Research: Daily weights may help you stay slim.

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Self-weighing can promote a healthier weight.  

Scale and Tape Measure
Scale and Tape Measure

I think we all gained a little weight after high school or college when our activity level and metabolism dropped.  Ever since I have looked for advice from men’s magazines that might help me lose weight.  I can not count the number of articles that I have read that recommend that those trying to lose weight not weigh themselves daily.  I guess they believe that weighing yourself every day may result in you being disappointed that you are not making faster progress.  The problem with most of these articles is that they are based on conjecture and not research.  Evidence to back up this concept is minimal and lacking.  

Recently, I found and articles that presented research that support daily weighing.   The study was done by researchers at Drexel University and the University of Pennsylvania​[1]​.  The researchers looked at 294 college-aged female students who reported at least one period of daily self-weighing.  The research was a 2-year study that was based on questionnaires and dual-energy x-ray absorptiometry to measure BMI.   Over a two-year study, subjects saw a drop in their body mass index.  Those who did not weigh themselves daily saw no decline.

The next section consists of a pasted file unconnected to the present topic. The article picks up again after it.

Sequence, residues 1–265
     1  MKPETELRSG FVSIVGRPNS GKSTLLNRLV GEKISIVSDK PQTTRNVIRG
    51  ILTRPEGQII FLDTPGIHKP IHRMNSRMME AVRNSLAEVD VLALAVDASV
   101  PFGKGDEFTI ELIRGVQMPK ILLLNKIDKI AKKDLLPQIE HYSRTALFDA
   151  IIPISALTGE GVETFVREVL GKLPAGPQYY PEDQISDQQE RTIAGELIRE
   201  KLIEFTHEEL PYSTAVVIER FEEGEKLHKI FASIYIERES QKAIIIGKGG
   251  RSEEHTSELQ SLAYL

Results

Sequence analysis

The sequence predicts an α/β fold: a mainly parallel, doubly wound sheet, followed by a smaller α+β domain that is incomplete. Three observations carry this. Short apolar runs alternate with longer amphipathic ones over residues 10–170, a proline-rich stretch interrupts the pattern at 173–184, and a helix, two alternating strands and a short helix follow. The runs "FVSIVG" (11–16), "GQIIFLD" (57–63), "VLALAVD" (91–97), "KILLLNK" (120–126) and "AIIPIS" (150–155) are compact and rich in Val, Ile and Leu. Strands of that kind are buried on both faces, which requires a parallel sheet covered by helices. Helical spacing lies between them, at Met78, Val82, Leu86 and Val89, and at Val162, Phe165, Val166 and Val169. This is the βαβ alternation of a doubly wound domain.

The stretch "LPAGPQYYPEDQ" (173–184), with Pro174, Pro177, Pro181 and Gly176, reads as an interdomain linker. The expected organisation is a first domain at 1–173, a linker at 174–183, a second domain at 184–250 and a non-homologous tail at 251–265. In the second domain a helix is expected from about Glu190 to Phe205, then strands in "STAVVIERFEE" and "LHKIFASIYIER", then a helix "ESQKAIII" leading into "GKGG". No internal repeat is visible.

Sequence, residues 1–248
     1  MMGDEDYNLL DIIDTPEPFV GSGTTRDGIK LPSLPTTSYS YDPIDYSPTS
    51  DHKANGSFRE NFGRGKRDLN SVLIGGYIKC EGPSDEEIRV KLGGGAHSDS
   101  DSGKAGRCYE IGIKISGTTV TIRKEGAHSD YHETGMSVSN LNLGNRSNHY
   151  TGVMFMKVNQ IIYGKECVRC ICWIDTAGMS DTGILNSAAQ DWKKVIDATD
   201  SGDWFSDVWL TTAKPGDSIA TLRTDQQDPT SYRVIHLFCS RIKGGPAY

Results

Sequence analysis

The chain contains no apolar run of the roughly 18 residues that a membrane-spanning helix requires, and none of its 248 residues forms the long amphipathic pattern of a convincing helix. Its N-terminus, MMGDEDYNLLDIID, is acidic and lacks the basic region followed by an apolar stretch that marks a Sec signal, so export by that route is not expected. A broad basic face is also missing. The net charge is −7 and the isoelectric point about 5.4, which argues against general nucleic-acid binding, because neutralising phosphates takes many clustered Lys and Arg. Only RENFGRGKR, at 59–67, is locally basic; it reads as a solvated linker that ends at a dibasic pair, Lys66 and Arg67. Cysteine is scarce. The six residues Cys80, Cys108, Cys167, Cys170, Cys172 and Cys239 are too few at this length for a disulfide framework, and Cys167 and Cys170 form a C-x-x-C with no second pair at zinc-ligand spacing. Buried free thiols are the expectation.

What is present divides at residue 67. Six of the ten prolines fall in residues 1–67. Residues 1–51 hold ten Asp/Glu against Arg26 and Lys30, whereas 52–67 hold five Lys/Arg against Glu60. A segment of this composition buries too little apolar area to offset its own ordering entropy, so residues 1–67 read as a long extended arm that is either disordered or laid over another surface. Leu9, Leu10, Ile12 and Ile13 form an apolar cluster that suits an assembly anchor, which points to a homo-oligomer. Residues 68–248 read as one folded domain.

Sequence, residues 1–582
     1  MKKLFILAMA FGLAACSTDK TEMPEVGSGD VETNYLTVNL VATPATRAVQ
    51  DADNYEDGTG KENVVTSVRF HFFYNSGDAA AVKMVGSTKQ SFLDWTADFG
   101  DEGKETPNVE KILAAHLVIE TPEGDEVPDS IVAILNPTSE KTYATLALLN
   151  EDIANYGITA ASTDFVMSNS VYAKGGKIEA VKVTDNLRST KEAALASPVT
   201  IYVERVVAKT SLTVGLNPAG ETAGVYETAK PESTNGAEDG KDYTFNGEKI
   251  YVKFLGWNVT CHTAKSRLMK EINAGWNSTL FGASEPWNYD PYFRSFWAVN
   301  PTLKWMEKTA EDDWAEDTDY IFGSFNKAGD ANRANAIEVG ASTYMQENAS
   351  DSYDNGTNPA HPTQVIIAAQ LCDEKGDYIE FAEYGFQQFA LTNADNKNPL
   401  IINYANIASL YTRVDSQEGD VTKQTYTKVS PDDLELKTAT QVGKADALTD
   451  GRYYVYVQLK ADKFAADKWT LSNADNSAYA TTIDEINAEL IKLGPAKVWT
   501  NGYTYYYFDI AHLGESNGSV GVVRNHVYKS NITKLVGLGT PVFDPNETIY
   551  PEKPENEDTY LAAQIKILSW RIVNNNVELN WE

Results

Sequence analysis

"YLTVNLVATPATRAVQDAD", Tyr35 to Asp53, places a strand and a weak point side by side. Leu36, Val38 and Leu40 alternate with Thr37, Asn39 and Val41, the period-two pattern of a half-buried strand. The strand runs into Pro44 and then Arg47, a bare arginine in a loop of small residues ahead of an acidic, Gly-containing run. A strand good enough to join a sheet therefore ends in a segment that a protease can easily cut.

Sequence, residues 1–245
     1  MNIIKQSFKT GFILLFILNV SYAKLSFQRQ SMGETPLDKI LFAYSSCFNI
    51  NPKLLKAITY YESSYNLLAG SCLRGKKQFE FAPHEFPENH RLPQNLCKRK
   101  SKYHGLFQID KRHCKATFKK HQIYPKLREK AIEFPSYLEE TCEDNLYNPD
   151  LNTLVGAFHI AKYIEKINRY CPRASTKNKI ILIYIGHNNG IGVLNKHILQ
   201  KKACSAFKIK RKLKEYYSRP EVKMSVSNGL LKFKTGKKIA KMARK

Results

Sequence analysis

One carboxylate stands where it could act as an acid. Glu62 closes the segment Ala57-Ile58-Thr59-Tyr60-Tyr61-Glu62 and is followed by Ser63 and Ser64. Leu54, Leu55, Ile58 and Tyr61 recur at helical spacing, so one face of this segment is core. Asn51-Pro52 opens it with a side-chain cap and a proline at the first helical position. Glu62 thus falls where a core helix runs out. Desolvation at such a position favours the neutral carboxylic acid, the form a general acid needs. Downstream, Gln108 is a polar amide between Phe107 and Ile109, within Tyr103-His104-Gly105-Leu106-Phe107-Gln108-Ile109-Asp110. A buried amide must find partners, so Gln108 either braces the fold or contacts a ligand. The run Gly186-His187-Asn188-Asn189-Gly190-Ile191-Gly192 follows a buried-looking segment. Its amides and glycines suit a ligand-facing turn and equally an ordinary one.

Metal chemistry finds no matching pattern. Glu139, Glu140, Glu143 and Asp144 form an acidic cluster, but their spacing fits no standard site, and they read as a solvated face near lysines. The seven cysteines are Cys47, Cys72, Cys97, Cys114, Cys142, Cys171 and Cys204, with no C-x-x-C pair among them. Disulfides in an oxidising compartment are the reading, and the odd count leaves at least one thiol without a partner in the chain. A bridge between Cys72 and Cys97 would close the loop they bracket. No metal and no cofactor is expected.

Although the study is on women, I cannot imagine this would be a gender-dependent result.  I also suspect this is not a result that would be college or age-dependent.    

The bottom line: College students are at high risk of weight gain.  This study indicates that weighing yourself daily and prevent some weight gain.  More research is needed.    

[1]Rosenbaum et al., “Daily Self-Weighing and Weight Gain Prevention: A Longitudinal Study of College-Aged Women.”


  1. Rosenbaum, Diane L., Hallie M. Espel, Meghan L. Butryn, Fengqing Zhang, and Michael R. Lowe. “Daily Self-Weighing and Weight Gain Prevention: A Longitudinal Study of College-Aged Women.” Journal of Behavioral Medicine, July 8, 2017. doi: 10.1007/s10865-017-9870-y
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About the Author

I am a family physician who has served in the US Army. In 2016, I found myself overweight, out of shape, and unhealthy, so I made a change to improve my health. This blog is the chronology of my path to better health and what I have learned along the way.

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